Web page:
On Thursday Schofield was interviewed by the AG’s office about the election tampering. At Schofield’s request, Board of Selectmen Chairman Cecil Williams sat in on the interrogation.
It was at this meeting, that Schofield discovered that O’Brion had signed the complaint against him. “Tim Hebert had called me before the AG arrived, and told me that he didn’t file a complaint,” said Schofield. “I just wanted to know who accused me.”
During his interview with the AG, Schofield offered to take a lie detector test, and said that he thought that the surveillance cameras at Campbell High School should be checked, because they would not show him in the parking lot. “I was inside the building. So was O’Brion. We could both see each other. This charge was bogus from the beginning. I don’t understand what made him do it.”
In addition, the two firefighters who did pick up the discarded flyers came to the fire station and asked to speak to the AG. According to Schofield, both of them admitted picking up discarded flyers and disposing of them. “They didn’t have to come in, but they did because it was the right thing to do.”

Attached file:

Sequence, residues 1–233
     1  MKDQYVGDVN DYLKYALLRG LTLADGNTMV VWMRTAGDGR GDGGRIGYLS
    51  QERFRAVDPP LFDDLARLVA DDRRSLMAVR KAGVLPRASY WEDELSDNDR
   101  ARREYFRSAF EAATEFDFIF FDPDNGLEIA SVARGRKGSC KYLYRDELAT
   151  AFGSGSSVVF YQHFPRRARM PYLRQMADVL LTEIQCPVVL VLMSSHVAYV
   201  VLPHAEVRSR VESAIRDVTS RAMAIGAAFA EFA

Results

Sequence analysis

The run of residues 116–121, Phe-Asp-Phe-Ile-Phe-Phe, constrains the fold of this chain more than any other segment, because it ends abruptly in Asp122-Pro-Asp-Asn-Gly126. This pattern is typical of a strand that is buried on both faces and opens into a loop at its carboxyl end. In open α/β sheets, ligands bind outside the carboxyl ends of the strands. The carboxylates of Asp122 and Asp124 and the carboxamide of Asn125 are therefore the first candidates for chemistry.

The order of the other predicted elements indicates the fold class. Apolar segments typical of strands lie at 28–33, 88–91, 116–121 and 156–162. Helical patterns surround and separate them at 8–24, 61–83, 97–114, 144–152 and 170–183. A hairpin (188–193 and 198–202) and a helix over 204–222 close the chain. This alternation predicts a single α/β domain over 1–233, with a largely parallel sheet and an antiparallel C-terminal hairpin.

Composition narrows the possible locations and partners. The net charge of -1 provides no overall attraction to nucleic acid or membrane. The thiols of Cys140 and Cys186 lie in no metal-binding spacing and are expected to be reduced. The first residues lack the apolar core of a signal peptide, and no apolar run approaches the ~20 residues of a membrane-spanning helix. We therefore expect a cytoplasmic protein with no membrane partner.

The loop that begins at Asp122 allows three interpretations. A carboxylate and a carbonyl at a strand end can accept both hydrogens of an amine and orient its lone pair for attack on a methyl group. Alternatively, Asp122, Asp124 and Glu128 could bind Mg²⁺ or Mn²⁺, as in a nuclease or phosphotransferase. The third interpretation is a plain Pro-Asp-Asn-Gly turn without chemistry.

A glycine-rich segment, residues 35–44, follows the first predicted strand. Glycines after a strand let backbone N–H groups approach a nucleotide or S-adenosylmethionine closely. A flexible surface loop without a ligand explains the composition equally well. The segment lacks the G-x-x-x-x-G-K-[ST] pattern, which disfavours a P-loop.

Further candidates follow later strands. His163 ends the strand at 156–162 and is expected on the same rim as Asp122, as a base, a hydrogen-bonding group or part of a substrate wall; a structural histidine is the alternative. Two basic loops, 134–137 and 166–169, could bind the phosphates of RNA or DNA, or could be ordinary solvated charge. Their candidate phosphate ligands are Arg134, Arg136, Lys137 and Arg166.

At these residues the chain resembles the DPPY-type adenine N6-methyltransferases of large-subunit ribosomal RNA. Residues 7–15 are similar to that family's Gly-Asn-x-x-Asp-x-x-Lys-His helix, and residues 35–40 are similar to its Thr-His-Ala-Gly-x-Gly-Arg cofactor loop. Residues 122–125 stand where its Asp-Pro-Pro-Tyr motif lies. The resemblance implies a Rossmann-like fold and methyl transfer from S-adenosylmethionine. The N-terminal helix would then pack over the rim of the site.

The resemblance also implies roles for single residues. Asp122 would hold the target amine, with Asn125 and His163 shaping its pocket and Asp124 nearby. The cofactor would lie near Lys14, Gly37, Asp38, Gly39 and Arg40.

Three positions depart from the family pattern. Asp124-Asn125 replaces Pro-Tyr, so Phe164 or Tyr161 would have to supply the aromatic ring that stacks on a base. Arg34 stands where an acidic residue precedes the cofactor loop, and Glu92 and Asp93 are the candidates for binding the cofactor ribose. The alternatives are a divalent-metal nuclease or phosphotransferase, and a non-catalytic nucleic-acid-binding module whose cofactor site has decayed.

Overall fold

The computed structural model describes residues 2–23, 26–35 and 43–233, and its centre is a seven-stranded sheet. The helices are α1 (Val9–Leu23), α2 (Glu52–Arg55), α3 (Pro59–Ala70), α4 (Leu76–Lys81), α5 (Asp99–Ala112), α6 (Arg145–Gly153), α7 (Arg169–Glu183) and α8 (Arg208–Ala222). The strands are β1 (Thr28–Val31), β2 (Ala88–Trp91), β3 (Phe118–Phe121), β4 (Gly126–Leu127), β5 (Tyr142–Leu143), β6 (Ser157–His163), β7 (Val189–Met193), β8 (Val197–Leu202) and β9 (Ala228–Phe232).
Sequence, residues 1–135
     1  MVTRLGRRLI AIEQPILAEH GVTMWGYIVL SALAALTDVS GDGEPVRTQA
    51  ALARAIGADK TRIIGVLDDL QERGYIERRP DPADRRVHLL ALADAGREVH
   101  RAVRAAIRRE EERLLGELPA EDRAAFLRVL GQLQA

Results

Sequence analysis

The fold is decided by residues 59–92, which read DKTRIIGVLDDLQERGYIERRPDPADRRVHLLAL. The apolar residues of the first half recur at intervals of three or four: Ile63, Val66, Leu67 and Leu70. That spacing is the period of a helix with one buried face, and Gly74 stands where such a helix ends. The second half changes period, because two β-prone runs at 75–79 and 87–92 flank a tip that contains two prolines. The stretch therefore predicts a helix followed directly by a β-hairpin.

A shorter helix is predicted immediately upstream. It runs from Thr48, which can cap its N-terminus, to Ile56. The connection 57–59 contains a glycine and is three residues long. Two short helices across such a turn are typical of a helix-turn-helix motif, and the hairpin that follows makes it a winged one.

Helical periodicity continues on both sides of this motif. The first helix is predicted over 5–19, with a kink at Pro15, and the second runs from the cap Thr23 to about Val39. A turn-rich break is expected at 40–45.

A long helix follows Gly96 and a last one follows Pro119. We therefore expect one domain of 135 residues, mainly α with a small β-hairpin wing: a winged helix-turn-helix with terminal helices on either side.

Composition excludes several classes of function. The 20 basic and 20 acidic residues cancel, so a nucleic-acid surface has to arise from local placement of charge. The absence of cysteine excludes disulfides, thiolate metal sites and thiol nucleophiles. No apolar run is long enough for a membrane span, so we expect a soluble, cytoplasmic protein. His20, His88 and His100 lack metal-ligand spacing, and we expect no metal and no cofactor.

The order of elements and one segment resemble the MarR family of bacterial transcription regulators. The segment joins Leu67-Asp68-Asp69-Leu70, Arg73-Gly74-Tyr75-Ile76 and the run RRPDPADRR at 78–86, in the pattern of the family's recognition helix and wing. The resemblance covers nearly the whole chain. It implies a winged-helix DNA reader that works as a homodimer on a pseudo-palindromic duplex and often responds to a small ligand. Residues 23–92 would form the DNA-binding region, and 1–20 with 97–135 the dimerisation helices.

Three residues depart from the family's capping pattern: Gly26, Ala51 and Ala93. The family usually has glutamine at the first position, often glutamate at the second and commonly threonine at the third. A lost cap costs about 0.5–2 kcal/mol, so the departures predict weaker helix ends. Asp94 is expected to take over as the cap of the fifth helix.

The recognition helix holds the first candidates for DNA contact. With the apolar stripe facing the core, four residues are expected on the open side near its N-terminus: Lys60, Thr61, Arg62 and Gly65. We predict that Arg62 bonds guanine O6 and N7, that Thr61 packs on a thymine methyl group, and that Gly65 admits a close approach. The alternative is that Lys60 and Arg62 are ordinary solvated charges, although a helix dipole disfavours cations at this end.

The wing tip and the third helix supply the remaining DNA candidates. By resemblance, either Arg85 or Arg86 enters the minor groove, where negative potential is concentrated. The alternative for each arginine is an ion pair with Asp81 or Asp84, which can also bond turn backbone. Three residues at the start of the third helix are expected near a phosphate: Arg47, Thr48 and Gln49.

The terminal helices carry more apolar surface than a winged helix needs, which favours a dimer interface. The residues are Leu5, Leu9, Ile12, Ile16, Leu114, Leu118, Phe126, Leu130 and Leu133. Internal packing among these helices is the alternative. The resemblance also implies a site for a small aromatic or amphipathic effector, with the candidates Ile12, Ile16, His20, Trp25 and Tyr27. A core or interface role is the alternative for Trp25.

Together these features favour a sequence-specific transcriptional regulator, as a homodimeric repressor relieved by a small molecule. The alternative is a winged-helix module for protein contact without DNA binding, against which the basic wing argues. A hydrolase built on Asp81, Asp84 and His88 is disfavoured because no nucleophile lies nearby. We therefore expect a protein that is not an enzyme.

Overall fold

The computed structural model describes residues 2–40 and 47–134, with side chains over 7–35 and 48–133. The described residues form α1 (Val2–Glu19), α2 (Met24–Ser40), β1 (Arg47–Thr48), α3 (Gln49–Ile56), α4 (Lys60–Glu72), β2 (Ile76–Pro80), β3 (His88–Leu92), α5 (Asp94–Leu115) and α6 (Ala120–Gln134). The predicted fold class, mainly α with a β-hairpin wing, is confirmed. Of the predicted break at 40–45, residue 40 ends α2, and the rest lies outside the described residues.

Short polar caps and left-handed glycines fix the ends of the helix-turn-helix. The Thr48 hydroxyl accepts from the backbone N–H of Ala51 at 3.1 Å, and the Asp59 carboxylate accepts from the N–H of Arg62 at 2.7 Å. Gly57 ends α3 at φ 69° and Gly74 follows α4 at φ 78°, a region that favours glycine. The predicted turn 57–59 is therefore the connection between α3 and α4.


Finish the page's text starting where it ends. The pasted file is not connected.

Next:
Several days after the interview, the Hudson~Litchfield News asked O’Brion if he was aware of the school board policy against distribution of political flyers, and he responded that he couldn’t comment on an open investigation.
Thursday night, selectmen held a long non-public meeting with their attorney. O’Brion was called into the meeting twice. As a result, O’Brion was ordered to place his officer on Administrative Leave pending an investigation by the Attorney General.